Jose Pekerman has warned Colombia they will face an ‘in harmony’ England side in the World Cup second round.
Colombia defeated Senegal 1-0 in Samara on Thursday to secure their qualification as winners of Group H, before a much-changed England, already through, finished second in Group G following their 1-0 loss to Belgium.
Those results set up a last-16 meeting in Moscow on Tuesday, from which the victors will advance to a quarter-final with Sweden or Switzerland, in what is perceived to be the easier half of the draw.
But Pekerman says there are no straightforward games once the tournament reaches the knockout phase.
‘I would always answer in the same way. We know any team that reaches the last 16 is good, the 16 best teams in the world,’ he said.
‘Obviously, they can have a good day or an even better day but the whole squad operates at a certain level.
‘England are a young team that is in harmony, very confident, they have excellent individual players and they’ve managed to pass the group stage quite comfortably.
‘I’m sure now a different type of match is heading our way. These will be to-the-death matches, so these are extreme situations, [you have] to play a great game from the beginning.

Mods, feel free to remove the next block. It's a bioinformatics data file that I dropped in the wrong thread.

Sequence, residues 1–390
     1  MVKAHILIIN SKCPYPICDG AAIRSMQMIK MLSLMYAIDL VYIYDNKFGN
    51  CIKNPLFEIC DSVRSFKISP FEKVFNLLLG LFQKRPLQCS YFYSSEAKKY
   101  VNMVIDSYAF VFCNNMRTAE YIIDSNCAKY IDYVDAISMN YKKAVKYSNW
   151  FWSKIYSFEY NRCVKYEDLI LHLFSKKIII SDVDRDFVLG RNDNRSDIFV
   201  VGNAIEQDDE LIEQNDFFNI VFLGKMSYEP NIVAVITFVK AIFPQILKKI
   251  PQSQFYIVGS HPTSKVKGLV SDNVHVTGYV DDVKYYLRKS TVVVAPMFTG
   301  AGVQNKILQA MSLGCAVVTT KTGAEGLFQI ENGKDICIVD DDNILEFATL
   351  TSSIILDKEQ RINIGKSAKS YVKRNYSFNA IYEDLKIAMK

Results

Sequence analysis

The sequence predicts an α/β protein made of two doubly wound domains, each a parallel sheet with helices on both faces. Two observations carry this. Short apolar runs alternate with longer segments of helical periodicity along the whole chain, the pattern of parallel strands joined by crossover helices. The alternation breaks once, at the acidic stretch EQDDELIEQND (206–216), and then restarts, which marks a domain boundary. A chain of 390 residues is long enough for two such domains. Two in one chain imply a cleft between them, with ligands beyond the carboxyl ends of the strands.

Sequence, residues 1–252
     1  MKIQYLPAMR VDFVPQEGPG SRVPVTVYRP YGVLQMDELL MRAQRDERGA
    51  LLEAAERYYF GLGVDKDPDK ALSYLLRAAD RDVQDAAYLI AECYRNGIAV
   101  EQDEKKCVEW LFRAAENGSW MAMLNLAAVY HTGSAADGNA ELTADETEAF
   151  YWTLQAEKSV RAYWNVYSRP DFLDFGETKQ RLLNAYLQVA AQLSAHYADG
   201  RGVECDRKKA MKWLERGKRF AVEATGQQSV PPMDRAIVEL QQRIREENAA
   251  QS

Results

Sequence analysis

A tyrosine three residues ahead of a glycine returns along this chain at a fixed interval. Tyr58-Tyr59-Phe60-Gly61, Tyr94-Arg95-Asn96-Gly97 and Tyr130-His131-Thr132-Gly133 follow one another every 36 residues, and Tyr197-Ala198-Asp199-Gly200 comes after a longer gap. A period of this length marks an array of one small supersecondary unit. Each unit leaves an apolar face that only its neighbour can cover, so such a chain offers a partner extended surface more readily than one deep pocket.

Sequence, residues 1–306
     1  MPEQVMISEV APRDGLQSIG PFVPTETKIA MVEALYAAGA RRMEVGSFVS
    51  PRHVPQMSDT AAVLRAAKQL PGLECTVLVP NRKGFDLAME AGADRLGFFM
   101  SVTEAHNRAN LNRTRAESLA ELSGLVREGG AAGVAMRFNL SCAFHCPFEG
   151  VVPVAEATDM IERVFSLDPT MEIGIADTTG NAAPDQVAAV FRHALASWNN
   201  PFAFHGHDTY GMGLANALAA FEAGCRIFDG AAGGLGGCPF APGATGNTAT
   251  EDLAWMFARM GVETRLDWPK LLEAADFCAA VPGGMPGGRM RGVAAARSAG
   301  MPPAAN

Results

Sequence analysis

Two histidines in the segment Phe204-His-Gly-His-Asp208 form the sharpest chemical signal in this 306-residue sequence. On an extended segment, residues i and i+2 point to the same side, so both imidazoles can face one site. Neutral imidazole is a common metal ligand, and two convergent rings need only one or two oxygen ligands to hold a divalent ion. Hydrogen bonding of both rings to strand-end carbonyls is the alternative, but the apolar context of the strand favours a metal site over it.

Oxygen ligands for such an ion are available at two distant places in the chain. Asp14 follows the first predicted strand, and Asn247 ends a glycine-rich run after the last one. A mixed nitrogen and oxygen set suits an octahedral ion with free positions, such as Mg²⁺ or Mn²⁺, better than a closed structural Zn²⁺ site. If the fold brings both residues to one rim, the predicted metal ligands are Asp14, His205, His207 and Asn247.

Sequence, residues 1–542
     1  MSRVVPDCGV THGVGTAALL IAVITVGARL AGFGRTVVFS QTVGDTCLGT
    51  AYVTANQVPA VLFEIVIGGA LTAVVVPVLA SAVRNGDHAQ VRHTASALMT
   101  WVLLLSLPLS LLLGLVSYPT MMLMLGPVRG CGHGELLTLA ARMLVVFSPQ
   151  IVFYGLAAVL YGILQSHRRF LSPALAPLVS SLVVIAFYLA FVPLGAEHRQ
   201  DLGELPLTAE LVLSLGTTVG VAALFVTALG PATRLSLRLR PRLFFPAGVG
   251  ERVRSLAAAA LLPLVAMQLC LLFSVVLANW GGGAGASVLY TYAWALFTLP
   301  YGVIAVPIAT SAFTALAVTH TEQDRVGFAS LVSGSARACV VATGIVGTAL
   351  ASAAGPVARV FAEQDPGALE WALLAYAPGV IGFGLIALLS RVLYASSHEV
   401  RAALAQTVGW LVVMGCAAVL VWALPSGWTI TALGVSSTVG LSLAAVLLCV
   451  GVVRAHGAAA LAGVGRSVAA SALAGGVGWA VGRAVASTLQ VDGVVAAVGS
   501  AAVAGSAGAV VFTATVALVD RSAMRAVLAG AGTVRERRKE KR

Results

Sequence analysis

‘England has what it takes and it’s going to be a match in which Colombia will also be confident to get a good result.’
Colombia’s progress spelt the end for Senegal, who finished with an identical record to Japan but were eliminated due to accruing more yellow cards than their rivals.
‘We all knew when we came to the World Cup that these were the rules,’ Pekerman said. ‘There are clear rules and a clear understanding, you don’t often get teams that are so even and from the beginning, you could tell this would be an even group.
‘Had we been in their shoes, we would also be quite disappointed because one can sometimes think this is not a part of football but it happens and sometimes you finish a World Cup final on penalties, as in Italy vs Brazil [in 1994].
‘To lose a World Cup final on penalties is extremely hard and you need to accept the result, somehow you need to find a winner.
‘But when it comes to cards, I guess players will have to start thinking about how important a card can be and as a coach, we should also start thinking about this.’
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